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How do I help participants have more empathy for others' perspectives?
Remaining curious and open to perspectives other than our own is critical for empathy, learning, and personal growth. Effective facilitation helps make that possible.
Approximate reading time: four minutes.
“I don’t know anyone who feels that way.”
“If you weren’t so emotional, none of this would be happening to you.”
“I can’t imagine that being anyone’s perspective.”
“That doesn’t at all reflect what my experience has been.”
Do any of these sound familiar? These are all statements from actual meeting participants, statements that indicate a lack of empathy toward others’ perspectives and experiences.
While some people simply accept others’ perspectives or experiences as true for them, others respond with dismissal or a questioning manner. The latter can be an obstacle to groups reaching a decision or working together effectively.
How can facilitators encourage greater empathy among meeting or workshop participants to perspectives or lived experiences that may be very different than their own?
Here are two approaches to consider.
#1: Apply the Mike Nichols approach.
When actors expressed difficulty understanding the mindset of their characters, the famed director Mike Nichols is said to have offered this simple advice. “Think about this. I am like that when …”
“I am like that when …” When facilitating we can invite participants to consider the same if they have difficulty connecting to others. I find it most helpful to introduce this approach at the onset of a conversation or meeting where I think it may be useful, often at the same time as discussing shared agreements or group norms. I suggest people use it on their own when they find themselves resisting others’ perspectives.
Once individuals identify a comparable personal experience, they often discover that—while they may not relate completely to the specifics of another person’s experience or perspective—they can identify with the general sentiment behind it. This newfound common ground changes the tenor of the conversation from the negative tone that dismissing someone else’s opinion can engender.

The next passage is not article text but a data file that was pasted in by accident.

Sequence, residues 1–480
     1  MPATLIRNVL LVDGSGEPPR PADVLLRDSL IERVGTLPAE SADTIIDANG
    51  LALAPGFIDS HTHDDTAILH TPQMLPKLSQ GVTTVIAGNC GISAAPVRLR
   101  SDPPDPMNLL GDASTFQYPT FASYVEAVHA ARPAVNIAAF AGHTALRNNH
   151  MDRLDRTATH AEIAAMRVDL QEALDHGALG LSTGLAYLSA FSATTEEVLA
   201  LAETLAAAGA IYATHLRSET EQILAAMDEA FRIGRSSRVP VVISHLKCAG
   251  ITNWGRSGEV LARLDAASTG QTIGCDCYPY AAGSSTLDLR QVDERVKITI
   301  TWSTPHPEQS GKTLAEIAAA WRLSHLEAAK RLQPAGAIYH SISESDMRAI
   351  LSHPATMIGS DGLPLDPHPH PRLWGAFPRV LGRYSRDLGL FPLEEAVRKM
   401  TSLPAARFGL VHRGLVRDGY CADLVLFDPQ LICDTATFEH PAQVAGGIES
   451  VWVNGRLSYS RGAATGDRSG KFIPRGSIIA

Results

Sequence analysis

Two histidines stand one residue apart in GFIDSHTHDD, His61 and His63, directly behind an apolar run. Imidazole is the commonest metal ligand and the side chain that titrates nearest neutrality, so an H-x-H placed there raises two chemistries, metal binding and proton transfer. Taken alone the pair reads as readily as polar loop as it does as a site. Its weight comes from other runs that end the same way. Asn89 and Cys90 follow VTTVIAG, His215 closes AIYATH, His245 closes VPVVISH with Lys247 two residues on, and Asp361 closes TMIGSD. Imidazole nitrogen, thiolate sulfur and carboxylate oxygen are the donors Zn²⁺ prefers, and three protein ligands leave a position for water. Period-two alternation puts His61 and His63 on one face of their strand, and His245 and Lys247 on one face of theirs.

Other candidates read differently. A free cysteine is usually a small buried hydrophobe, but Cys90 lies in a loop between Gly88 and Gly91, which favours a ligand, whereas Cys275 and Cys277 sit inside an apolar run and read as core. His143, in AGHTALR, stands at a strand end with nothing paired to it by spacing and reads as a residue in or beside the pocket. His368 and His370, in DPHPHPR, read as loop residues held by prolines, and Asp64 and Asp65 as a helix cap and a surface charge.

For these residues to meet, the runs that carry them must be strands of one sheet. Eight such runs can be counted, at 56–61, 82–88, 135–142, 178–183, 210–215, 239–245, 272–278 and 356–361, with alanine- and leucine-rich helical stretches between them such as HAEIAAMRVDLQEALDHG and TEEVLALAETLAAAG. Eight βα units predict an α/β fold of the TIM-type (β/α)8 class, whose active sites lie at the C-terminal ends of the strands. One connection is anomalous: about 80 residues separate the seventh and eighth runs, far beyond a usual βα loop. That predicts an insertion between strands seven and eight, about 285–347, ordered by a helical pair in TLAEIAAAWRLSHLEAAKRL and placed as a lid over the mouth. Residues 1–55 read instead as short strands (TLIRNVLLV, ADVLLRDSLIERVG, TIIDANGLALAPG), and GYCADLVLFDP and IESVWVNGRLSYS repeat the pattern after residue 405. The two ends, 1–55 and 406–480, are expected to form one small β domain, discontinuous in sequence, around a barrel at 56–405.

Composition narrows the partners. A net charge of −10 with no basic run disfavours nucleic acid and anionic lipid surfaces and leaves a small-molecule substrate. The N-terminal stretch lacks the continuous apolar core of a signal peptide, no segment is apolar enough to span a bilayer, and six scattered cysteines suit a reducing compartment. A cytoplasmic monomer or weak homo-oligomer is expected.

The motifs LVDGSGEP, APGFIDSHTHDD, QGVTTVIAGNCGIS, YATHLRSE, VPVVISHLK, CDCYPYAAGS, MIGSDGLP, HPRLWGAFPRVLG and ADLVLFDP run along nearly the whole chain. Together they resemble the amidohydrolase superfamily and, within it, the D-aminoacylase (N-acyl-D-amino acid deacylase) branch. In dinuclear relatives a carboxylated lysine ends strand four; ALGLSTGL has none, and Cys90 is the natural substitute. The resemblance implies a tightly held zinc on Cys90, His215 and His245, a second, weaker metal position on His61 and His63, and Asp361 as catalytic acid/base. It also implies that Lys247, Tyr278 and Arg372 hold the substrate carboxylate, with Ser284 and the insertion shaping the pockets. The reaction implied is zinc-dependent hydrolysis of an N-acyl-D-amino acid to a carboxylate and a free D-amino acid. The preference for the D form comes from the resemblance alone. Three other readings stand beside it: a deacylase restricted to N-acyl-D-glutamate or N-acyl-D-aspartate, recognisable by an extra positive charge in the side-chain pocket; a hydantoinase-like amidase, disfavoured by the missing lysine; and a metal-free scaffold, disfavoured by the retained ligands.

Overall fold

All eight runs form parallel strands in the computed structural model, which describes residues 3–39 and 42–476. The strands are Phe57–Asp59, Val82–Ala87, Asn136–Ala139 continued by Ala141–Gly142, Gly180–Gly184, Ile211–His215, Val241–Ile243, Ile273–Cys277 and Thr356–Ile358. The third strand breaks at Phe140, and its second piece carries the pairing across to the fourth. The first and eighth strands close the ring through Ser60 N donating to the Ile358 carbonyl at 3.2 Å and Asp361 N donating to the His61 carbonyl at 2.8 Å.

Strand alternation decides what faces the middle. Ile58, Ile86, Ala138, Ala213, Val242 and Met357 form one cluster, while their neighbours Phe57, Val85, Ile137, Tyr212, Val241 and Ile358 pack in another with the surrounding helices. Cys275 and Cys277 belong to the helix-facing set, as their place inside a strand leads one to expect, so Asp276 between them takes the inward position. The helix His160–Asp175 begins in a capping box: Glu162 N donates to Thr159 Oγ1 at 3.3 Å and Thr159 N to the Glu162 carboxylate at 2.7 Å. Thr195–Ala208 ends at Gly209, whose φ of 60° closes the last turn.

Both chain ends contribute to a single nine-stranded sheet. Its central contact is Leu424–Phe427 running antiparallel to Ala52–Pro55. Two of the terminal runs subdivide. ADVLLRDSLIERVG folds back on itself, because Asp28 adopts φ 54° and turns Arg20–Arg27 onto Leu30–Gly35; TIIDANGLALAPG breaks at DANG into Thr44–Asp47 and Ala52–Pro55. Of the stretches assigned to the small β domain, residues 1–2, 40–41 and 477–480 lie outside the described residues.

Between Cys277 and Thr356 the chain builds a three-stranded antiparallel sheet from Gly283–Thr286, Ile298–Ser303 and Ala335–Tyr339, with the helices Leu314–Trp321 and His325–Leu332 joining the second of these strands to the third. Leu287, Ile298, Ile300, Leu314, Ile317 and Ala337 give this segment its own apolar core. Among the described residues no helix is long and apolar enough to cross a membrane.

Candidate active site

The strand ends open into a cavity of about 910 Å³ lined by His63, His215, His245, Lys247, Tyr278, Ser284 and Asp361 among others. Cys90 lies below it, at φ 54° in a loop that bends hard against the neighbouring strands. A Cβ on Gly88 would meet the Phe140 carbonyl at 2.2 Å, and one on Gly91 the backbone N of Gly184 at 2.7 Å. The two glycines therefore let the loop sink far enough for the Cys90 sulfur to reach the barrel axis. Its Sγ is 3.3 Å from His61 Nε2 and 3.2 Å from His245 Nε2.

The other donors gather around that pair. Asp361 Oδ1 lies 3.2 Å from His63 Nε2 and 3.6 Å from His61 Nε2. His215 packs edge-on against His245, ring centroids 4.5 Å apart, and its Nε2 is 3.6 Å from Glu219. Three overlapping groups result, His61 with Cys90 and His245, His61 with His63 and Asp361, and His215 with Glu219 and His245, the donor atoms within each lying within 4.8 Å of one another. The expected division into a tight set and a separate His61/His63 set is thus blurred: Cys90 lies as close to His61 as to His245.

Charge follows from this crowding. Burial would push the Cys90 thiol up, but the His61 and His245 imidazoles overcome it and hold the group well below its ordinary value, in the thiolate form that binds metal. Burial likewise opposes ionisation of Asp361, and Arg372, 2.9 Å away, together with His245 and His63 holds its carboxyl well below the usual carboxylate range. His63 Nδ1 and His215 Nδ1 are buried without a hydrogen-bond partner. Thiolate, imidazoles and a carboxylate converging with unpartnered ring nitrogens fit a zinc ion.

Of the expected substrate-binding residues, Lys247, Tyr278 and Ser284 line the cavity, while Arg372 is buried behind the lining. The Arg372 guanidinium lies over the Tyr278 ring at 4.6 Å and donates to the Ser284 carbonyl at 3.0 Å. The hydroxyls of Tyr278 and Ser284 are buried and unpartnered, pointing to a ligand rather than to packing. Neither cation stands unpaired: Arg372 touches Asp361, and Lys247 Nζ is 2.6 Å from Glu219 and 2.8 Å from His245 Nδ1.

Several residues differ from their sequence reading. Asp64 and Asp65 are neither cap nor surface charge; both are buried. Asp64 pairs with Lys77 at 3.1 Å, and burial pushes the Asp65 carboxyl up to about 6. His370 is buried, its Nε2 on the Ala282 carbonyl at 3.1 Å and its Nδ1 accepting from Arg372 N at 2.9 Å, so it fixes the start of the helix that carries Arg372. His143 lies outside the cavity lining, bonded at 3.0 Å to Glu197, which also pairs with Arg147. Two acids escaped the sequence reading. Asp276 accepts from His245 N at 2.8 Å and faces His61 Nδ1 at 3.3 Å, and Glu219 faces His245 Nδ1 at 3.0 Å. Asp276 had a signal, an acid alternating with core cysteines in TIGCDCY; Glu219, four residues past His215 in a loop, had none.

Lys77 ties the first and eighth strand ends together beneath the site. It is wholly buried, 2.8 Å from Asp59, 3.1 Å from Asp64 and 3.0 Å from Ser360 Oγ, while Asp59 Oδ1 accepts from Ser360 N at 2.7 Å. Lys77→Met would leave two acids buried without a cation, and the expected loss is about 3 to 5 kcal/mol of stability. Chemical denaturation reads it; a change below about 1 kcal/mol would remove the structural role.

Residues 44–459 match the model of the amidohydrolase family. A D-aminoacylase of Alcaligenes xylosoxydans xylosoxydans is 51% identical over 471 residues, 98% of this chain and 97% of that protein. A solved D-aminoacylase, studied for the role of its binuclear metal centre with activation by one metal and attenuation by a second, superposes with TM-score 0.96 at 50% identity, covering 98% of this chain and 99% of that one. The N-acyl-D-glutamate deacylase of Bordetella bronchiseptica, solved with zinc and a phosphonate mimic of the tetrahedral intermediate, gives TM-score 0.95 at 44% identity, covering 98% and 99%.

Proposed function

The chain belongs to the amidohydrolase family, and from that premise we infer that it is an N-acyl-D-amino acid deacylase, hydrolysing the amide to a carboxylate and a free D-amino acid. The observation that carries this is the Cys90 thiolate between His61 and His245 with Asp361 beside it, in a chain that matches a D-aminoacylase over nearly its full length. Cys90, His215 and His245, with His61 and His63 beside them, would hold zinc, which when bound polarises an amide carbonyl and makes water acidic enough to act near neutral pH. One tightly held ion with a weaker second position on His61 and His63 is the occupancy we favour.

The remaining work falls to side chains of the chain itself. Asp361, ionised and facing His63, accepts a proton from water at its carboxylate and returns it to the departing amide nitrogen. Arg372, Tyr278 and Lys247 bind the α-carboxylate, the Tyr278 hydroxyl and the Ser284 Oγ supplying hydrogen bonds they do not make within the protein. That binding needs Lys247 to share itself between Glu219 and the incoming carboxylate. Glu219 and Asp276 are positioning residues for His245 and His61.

#2: Use role rehearsals.
Role rehearsals or role plays are a common learning and conversation format in workshops or meetings. When people play a part, they literally step into the shoes of someone else’s lived experience.
Individuals may be challenged though to portray a role, perspective, or opinion that they have difficulty relating to or do not understand. Effective facilitation will provide support—make it easier—for them to perform this role in a meaningful way, particularly if engendering empathy is a goal for the exercise.
Below are tips I’ve previously shared in order to make role rehearsals feel more authentic and to produce a more meaningful learning experience.
If people struggle with thinking their way into a new manner of being or acting, role rehearsals may help them act their way into a new manner of thinking, one that is more empathetic. Be sure to adequately debrief any role rehearsals. First, invite individuals to silently reflect on their experience and identify what they thought or felt during it. Then facilitate open discussion of those reflections.
Every group is comprised of individuals with different lived experiences, perspectives, beliefs, mental models, and opinions. Remaining curious and open to perspectives other than our own is critical for empathy, learning, and personal growth. Effective facilitation helps make that possible.
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